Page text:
lecture19 - N.B. Final Exam: Ackerman Grand Ballroom 12/10...

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1 N.B. Final Exam: Ackerman Grand Ballroom 12/10 3:00 UCLA Department of Political Science Fall 2007 PS 40 Introduction to American Politics Prof. Thomas Schwartz HUNK 19 THE END Now we summarize the course. 1. Congress Powers Organization (remember the nuts and bolts) Strategy - Incentives (electoral connection) - Manipulation - legislative agenda Saving (LBJ) and killer (Chauncey DePew) amendments exploit sincere or strategic voting and the presence or absence of political cover - Vote trades 2. Executive Branch Powers of the President Organization (White House, Cabinet, agencies) Control of Bureaucracy (problem of governance, or implementing laws and polices) - Agency Problem (principal-agent relationship) - Congressional Oversight (an instance of the agency problem)
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2 Congress typically uses fire alarms rather than police patrols to Control bureaucracy. 3. Voters Why vote? (A puzzle) Who votes? (The more educated, but not clear exactly why; age, marriage, mobility, and public employment also boost voting) Parties - Functions and Organization (remember the nuts and bolts) - Groups (different groups constitute the core supporters of each party. Each party “owns” particular groups) - Issues (each party “owns” particular issues) - History Voting Rules - Plurality Rule (important in primaries when there are more than two candidates) - Single-member districts - District maps (outcomes of elections depend on how citizens are divided into districts; gerrymandering) - Electoral College (the important thing is that a state puts all of its delegates up for grabs by a single candidate: the winner takes all) Models to predict presidential-election outcomes - Personal assets (experience + charisma = evident ability) - Party assets (Candidates appeal to their parties’ core support groups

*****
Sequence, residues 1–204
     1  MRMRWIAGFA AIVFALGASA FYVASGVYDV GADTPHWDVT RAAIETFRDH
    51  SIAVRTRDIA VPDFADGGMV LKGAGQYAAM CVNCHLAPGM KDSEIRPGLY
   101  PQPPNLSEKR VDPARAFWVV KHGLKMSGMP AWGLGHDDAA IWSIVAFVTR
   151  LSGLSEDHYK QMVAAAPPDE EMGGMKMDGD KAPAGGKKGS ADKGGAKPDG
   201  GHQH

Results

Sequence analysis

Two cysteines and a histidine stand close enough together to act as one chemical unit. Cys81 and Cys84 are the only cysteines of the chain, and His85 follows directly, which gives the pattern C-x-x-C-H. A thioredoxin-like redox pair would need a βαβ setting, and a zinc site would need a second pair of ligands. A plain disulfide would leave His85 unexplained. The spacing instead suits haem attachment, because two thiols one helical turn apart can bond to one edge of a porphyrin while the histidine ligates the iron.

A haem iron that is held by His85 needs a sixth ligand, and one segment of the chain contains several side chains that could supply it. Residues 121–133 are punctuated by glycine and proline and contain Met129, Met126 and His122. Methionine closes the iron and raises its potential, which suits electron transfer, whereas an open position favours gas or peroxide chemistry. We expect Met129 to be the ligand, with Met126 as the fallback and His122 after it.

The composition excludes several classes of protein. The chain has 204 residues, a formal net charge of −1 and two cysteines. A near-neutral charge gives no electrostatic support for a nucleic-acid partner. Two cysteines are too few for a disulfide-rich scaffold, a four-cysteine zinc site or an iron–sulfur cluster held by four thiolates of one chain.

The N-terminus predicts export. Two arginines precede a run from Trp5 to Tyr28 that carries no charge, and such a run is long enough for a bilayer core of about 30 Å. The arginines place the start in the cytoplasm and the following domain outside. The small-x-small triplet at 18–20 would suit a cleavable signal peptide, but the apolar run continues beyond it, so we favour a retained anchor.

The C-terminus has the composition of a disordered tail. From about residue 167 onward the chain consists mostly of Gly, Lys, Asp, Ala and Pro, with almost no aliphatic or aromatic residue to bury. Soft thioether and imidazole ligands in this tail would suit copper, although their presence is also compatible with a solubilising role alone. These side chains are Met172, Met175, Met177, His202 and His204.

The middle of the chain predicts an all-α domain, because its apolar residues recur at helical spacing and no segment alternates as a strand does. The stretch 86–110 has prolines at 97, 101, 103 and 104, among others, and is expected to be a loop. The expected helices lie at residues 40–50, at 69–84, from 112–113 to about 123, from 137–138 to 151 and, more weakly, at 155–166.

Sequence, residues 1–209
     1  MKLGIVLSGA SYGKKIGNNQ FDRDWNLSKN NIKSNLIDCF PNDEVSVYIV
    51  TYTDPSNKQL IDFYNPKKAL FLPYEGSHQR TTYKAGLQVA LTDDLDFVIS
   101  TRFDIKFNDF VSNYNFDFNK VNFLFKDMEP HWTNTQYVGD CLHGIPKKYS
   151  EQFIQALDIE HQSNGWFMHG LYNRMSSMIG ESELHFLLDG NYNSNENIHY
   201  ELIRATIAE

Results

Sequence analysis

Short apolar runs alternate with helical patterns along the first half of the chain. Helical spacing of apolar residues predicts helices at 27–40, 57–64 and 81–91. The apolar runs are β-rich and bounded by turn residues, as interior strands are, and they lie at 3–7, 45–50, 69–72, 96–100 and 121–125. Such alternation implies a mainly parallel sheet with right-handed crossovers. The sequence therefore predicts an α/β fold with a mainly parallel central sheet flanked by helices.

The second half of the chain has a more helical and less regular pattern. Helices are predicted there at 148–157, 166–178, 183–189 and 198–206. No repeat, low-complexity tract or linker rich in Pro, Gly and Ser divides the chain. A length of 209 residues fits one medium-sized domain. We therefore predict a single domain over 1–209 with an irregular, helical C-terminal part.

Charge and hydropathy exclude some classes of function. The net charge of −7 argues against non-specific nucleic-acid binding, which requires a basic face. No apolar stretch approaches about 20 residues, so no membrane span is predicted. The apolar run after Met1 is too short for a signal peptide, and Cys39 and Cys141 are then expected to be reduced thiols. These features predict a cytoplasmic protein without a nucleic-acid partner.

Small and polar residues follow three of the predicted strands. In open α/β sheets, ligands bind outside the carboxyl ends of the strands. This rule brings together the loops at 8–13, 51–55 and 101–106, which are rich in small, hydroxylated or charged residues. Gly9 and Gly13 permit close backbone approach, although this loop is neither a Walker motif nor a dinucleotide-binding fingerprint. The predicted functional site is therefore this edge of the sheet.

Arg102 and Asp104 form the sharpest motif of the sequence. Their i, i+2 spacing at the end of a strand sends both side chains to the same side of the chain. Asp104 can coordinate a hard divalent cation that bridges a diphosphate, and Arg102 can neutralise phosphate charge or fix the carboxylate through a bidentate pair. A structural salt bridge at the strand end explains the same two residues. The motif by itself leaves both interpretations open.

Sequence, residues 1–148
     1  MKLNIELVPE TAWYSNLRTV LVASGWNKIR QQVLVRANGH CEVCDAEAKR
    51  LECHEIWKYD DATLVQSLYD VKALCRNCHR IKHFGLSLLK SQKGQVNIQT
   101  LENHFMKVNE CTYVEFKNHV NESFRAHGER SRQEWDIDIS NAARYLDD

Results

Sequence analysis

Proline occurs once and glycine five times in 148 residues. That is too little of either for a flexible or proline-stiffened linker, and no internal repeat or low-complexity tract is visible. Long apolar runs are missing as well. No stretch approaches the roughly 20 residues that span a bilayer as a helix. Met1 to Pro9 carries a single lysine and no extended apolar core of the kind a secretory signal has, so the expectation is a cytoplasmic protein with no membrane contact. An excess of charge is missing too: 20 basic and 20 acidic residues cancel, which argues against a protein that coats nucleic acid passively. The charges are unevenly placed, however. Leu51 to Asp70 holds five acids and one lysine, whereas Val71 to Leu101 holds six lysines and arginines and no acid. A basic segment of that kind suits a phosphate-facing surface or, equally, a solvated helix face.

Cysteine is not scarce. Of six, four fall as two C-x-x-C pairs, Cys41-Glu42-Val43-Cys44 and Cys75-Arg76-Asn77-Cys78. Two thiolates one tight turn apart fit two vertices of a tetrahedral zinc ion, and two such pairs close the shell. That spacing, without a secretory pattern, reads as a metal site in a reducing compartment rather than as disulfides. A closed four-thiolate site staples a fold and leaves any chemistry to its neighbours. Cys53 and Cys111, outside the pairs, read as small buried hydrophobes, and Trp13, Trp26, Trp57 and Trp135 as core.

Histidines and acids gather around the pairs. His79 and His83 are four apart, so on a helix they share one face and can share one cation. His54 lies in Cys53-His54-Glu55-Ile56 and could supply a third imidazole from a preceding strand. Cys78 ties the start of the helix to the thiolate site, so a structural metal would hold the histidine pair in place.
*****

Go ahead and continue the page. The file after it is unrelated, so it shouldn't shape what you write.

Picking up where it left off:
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3 and emphasize issues their parties “own.”) - Economic (the state of the economy just before the election does good job predicting outcome) - Ideological (advantage to candidate nearer the median voter on the ideological spectrum) The course has emphasized three main analytical themes . 1. Explanation . Virtually all explanations in political science rest on hypotheses . A good one is consistent with evidence, of course, but also survives competition with rival hypotheses , based on critical tests and comparative economy as well as sheer plausibility. 2.
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lecture19 - N.B. Final Exam: Ackerman Grand Ballroom 12/10...

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